Mapping Utah's RS 2477 Road Claims
By Dan Bammes
Salt Lake City, UT – The state of Utah has until June 14th to file a lawsuit claiming more than 18,000 roads across public land. The state's claim is based on an old federal law called RS 2477. The law was repealed in 1976, but if a road was in regular use before then, the state can claim it. That sounds ridiculous to Heidi McIntosh from the Southern Utah Wilderness Alliance. It's now plotted the claims on a map, and she says many of them are creek beds or animal tracks -- not roads at all.
"Some of these are just downright outrageous and ludicrous and have no business on any transportation map," McIntosh says. "In fact, they'd be dangerous to travel. You can imagine a tourist coming to visit southern Utah and looking at a map of these things and thinking they can go out and drive them."
Mike Swenson with the Utah Shared Access Alliance says the state needs to go ahead with the lawsuit, whether these are well-used graded roads or something less obvious.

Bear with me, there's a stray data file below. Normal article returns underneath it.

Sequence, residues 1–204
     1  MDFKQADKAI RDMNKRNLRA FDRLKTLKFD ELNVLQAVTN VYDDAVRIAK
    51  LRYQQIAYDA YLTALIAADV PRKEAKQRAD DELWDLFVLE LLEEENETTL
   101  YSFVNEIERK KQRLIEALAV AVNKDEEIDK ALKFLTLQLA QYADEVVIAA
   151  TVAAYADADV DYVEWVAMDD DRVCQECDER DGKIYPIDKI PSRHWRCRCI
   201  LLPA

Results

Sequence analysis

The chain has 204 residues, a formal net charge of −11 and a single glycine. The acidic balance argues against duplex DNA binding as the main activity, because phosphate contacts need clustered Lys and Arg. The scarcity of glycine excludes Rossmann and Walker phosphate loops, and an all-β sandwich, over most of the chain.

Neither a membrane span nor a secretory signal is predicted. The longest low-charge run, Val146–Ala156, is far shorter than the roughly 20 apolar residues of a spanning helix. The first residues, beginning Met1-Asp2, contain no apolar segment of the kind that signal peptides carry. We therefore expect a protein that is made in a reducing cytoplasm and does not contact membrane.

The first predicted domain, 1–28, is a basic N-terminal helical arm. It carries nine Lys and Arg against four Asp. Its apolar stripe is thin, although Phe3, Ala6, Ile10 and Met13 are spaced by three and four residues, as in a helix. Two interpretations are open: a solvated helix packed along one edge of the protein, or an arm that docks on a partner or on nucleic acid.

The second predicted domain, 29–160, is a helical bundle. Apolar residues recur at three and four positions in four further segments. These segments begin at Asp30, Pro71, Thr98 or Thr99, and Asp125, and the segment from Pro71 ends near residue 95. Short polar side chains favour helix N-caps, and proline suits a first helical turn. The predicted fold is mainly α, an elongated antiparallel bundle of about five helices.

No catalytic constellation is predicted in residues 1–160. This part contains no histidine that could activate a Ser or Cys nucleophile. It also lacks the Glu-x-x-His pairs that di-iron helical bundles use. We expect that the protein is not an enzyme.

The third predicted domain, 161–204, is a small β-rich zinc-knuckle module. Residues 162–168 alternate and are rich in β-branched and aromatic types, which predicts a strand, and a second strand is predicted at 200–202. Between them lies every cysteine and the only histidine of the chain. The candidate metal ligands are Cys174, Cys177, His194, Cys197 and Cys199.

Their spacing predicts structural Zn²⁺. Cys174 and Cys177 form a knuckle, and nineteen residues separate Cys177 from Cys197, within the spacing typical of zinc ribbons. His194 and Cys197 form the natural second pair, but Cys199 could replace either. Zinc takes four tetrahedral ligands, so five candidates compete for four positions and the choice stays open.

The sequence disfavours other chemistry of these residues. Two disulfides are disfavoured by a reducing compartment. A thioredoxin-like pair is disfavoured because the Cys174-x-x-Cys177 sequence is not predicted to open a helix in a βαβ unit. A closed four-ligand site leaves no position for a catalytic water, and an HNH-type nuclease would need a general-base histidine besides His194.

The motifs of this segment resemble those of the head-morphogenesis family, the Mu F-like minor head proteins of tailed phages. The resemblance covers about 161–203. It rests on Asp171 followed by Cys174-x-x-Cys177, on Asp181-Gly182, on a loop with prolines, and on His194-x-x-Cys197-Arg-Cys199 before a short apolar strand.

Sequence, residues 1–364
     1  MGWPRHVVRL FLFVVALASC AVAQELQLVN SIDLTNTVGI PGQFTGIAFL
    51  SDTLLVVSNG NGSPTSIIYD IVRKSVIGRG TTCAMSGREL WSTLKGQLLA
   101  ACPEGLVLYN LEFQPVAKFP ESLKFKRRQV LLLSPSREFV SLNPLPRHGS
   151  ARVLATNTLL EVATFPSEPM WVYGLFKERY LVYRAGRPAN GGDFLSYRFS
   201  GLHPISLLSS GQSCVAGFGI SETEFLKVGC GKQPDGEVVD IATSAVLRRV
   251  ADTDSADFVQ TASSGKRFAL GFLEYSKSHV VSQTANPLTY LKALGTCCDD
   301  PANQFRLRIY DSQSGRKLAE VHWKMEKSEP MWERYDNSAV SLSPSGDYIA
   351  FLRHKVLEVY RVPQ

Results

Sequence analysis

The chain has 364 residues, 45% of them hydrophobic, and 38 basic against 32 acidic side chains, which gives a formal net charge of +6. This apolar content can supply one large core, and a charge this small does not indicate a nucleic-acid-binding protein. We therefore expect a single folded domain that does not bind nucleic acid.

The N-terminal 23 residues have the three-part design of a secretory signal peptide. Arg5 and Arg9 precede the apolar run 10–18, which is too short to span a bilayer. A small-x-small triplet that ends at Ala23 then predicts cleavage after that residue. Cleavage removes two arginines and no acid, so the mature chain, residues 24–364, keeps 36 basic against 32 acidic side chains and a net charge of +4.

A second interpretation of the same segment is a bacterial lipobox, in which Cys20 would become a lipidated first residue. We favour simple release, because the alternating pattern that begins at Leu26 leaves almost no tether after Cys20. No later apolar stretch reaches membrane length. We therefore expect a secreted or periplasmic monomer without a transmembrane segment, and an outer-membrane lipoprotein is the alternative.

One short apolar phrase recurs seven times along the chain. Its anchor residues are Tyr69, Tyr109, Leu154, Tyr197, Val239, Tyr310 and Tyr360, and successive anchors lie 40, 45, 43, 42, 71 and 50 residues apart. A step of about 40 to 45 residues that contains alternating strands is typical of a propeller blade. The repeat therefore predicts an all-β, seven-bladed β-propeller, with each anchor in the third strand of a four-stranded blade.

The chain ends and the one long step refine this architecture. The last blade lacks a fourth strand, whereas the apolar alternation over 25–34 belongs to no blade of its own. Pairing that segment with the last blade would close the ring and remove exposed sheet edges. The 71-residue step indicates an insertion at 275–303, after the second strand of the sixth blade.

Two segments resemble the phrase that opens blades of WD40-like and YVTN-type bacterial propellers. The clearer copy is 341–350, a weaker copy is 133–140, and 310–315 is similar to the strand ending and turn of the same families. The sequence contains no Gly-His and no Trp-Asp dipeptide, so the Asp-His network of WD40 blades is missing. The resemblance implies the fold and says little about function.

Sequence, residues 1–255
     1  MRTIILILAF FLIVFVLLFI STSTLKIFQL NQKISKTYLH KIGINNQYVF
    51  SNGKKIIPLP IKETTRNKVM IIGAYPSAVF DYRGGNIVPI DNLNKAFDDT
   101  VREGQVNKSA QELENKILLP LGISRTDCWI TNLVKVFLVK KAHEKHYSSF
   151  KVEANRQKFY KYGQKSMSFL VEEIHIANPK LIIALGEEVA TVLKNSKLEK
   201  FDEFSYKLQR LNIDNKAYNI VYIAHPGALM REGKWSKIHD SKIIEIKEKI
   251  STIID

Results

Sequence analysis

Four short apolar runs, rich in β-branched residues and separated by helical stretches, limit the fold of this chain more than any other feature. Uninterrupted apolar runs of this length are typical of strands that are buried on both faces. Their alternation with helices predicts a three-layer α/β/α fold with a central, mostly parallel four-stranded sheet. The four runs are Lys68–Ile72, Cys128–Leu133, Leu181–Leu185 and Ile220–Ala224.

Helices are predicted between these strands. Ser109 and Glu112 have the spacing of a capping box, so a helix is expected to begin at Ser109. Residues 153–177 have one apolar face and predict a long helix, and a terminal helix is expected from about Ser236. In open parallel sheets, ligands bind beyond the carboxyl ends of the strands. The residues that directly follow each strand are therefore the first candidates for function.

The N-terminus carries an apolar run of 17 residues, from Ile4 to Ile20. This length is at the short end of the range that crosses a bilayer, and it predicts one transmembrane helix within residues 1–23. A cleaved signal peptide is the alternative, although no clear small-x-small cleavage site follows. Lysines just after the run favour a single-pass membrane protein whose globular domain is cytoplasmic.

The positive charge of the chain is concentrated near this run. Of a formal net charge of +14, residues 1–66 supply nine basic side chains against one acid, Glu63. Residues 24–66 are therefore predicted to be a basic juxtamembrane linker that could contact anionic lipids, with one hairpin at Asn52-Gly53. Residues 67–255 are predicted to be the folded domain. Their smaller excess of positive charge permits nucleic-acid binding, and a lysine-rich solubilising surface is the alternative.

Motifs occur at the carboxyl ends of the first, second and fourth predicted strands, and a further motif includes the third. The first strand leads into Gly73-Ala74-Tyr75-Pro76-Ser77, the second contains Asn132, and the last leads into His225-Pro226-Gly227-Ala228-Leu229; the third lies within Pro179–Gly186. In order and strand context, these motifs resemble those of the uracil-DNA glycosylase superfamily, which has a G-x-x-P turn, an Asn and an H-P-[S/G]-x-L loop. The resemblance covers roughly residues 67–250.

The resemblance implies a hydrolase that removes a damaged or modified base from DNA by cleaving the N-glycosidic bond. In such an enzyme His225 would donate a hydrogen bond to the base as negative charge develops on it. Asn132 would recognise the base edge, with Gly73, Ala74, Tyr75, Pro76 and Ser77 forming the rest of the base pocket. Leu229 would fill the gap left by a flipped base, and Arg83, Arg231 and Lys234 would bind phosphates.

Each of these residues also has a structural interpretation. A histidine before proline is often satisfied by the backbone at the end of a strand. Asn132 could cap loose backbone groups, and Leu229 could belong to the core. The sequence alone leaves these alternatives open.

"It doesn't really matter," Swenson says. "The fact that it's a property right owned by the state is the real issue. So whether it's a cow path, an animal trail or a paved highway, the state has an interest in that and they should do whatever they can to protect that right."
The state has been trying to negotiate a settlement on R-S 2477 roads in Iron County, and McIntosh says that process should go ahead no matter what the state does with its lawsuit.